“No, Cyn. Don’t leave it. I want to see what happens if we don’t leave anything. Will they arrest us?”

The waitress turns and walks to the door of the café, looks up the street, and sees one of the other townspeople. “Please find Zen or Steve.”

She returns to the couple and says, “You’re free to do what you’d like. We will not arrest you. But we will ask that you not mention this visit to anyone back where you live.”

“And if I do?”

“We hope you don’t,” a woman says, coming in the door with a man who might look like Jesus, depending on whose picture one believes.

Joel is even more curious. “What the heck is this place? Are we still in the United States?” he asks the new people, as he had before.

“Yes. We have taken ourselves out of the latest problems and found solutions by creating a society where everyone contributes. There are no handouts, and where we minimize our carbon footprint in every way we can.”

Joel’s eyes drift to the whiteboard to see the lists again, and then he refocuses on the man and woman.

“My name is Steve,” the man says. “This is my partner, Zen.”

“I’m Cynthia, but you can call me Cyn. This is Joel,” she says.

“And my name is Zila,” the waitress says. “But most folks call me Zee.”

“But how do you manage without cars and fuel and lights?” Joel says.

“We use the sun for our electricity; we have bicycles. Our warmth comes from the stored sun, and we eat off the land. Whatever we can grow, we eat. Whatever we cannot grow, we don’t eat. It’s pretty simple.”

“What if no one is a farmer?”

“We generally invite people here that are excited to learn new trades and want to live a simple, unencumbered, creative life. Many people enjoy applying their old knowledge to something new. An electrical engineer tries their hand at baking. If they like it, they stick with it. If they don’t, they move on, and we see if someone else wants to try it. No one is forced to do something that doesn’t fulfill them. Life is too short.”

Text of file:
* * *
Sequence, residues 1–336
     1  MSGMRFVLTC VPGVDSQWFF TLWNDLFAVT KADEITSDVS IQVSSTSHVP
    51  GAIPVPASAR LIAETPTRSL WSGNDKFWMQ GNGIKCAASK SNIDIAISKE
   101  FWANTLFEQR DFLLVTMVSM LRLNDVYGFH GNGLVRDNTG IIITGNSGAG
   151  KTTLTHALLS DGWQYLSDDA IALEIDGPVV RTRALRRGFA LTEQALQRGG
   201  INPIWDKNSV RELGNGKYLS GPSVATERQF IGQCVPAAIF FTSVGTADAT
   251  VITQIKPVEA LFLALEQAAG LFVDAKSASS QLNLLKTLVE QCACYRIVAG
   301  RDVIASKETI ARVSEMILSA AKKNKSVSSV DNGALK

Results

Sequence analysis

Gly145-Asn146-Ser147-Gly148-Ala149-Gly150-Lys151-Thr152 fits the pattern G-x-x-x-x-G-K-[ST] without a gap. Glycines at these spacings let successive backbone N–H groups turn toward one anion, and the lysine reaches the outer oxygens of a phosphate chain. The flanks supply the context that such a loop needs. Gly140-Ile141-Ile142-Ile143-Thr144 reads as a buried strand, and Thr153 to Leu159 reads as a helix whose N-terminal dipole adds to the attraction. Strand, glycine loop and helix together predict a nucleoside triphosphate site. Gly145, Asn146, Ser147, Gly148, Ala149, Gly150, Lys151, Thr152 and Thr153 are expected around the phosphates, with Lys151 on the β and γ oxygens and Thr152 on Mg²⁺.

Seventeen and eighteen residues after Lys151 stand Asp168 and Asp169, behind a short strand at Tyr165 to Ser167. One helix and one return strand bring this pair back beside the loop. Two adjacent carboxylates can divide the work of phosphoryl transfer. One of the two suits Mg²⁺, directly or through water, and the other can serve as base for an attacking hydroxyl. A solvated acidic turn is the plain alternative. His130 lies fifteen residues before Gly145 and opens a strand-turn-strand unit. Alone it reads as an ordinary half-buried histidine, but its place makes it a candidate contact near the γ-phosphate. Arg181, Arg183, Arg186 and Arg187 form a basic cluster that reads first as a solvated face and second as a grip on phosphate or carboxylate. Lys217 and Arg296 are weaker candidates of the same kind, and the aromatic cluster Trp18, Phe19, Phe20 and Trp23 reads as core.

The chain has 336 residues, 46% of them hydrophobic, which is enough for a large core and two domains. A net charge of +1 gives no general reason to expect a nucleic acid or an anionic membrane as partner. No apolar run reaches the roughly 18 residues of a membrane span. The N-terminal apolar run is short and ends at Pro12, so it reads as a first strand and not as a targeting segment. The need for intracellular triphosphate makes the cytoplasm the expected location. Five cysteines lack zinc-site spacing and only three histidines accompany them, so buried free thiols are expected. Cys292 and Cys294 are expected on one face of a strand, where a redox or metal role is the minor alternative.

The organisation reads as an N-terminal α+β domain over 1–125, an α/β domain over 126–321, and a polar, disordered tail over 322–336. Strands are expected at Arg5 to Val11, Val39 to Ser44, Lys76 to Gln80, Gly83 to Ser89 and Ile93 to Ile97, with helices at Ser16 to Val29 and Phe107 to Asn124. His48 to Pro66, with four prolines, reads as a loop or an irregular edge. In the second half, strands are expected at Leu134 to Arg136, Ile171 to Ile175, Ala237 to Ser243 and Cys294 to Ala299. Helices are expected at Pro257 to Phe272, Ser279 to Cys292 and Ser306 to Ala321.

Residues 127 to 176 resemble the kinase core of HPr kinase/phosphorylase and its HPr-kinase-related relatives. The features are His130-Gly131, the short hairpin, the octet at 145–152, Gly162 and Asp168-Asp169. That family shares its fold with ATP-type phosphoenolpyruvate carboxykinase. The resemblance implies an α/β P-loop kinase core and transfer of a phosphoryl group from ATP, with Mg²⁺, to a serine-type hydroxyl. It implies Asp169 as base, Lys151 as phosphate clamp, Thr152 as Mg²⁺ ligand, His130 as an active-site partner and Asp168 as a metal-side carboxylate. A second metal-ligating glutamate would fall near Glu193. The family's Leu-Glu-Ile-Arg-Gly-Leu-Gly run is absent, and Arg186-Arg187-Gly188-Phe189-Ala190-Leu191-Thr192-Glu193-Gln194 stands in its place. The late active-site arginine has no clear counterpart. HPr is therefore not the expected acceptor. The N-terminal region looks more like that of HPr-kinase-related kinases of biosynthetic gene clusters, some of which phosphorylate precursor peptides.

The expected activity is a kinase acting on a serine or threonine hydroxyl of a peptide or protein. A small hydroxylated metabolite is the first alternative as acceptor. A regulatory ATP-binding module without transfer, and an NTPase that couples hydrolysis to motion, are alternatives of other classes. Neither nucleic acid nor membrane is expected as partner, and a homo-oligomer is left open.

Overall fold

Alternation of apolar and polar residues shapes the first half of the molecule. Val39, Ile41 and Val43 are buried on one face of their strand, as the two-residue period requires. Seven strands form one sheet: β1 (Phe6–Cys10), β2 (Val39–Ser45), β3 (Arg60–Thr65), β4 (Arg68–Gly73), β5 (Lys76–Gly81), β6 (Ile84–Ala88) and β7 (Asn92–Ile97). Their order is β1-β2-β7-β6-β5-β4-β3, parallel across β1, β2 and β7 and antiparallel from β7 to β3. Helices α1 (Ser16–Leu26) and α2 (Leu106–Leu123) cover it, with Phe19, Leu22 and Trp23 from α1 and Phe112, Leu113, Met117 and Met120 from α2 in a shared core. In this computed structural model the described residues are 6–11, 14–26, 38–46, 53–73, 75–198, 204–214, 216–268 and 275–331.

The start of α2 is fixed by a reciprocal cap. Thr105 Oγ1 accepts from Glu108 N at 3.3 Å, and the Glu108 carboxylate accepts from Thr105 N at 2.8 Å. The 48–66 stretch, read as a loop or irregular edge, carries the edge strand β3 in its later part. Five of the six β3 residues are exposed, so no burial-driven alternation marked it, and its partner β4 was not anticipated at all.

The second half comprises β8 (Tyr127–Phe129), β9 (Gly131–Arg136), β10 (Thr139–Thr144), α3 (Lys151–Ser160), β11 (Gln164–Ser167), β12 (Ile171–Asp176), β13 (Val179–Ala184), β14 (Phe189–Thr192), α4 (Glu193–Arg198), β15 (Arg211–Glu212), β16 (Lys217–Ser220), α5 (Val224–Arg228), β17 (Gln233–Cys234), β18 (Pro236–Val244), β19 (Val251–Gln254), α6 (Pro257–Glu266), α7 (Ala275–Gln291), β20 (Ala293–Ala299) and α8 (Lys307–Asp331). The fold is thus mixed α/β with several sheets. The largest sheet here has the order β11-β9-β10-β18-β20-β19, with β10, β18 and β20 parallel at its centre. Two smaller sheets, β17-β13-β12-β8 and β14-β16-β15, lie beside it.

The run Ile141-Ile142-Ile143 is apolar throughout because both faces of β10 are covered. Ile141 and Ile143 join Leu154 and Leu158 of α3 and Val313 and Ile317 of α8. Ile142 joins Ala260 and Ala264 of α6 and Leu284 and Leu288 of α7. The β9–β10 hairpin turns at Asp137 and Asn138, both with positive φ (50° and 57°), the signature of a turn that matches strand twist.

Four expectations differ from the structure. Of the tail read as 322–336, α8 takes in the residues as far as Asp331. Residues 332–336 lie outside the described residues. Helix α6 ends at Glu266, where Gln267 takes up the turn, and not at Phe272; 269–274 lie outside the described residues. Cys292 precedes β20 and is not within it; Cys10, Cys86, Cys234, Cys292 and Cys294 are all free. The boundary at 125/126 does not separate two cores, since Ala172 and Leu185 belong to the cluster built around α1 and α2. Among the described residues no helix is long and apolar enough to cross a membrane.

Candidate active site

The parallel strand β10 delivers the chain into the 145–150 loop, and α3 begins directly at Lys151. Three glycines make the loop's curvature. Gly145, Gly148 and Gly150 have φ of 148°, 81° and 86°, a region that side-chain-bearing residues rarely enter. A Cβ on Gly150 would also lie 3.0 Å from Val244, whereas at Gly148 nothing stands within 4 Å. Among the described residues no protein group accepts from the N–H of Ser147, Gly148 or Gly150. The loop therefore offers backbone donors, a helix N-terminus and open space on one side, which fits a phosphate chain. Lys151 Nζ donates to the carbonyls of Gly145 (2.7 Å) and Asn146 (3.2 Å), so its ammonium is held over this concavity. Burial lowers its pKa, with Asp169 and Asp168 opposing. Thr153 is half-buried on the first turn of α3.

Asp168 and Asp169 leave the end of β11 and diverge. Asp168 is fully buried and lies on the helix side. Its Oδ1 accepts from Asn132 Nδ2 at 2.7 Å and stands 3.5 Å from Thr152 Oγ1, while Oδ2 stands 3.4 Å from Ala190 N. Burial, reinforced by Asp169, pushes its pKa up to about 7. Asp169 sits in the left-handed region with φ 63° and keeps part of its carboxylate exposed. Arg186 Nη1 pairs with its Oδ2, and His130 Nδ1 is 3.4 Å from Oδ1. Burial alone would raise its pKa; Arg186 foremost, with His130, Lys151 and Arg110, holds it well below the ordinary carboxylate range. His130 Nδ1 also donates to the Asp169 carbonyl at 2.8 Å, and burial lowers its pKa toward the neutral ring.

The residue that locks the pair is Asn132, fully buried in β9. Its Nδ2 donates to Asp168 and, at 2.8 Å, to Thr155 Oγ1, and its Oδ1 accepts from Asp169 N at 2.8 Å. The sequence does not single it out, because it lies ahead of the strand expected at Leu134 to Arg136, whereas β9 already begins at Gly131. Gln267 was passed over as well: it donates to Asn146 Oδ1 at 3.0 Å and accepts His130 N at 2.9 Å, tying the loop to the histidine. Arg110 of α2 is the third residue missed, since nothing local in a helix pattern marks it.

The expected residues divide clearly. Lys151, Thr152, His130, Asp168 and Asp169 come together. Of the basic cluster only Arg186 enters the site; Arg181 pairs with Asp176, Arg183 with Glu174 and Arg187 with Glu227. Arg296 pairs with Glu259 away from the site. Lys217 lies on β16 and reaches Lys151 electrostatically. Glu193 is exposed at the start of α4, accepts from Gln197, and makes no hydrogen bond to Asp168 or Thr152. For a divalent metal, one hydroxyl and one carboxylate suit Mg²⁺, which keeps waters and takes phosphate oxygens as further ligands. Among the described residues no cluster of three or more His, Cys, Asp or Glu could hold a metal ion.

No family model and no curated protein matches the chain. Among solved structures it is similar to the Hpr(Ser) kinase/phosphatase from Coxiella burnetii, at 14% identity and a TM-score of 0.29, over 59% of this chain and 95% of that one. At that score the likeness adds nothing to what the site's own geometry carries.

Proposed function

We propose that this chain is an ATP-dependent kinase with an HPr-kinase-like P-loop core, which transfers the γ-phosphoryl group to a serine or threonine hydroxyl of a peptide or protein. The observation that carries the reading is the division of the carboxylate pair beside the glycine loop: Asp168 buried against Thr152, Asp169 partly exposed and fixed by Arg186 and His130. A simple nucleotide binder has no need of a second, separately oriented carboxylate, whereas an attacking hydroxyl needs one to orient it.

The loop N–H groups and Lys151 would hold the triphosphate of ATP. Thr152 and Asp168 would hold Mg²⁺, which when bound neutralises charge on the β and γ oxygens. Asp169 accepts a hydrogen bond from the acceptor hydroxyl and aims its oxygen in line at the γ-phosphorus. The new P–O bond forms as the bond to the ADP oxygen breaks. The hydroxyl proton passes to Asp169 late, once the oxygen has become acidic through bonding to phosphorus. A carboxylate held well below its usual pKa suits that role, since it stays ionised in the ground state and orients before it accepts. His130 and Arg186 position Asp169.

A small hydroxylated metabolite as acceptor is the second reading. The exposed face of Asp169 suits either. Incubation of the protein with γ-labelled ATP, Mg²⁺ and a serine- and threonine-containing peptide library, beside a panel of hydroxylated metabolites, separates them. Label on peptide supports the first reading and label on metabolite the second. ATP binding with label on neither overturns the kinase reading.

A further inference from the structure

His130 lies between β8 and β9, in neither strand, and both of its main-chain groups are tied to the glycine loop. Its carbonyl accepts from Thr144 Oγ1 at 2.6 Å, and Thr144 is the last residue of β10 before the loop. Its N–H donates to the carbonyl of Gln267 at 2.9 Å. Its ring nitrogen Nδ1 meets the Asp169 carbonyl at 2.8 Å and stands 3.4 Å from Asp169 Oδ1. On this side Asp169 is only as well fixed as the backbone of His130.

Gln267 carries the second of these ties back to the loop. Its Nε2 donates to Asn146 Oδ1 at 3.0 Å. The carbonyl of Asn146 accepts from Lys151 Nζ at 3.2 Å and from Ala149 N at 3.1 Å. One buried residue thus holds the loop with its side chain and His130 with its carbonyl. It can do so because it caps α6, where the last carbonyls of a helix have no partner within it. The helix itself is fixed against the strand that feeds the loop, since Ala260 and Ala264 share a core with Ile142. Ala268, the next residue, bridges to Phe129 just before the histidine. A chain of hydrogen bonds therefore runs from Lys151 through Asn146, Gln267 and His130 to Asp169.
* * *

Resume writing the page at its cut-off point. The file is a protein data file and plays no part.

“That’s crazy good,” Cynthia says. “I’m a bookkeeper and like it, but I’m getting tired of it.” She thinks for a minute. “I’ve always wanted to try my hand at beekeeping.”

Zen smiles. “We have a beekeeper here, but she’s interested in trying something new. She’d be happy to teach you her trade and move on to something else. No one is stuck in their choices.”

“That’s ridiculous,” Joel says. “You have to do something for a long time before you’re any good at it.”

“Not necessarily. The wealth of knowledge in this little town makes it so there is usually someone who can help if you get stuck. And if you make a mistake, you learn something, as does the entire community. Mistakes are growth opportunities.”

Joel doesn’t believe it. He stands abruptly and walks past the couple to open the door. He looks up and down the street. People come and go, waving, nodding, pushing baby carriages, or walking dogs and kids here and there.

“Where is the school?” he says.

“There’s a building that serves as a school, but for the most part, kids teach themselves with the proper guidance.”

“That’s ridiculous!”

“I’ve read about that,” Cynthia says. “The kids are allowed to follow their curiosity to learn what they want. They are allowed to participate in experiments and real-life situations that teach them math and physics, for instance.”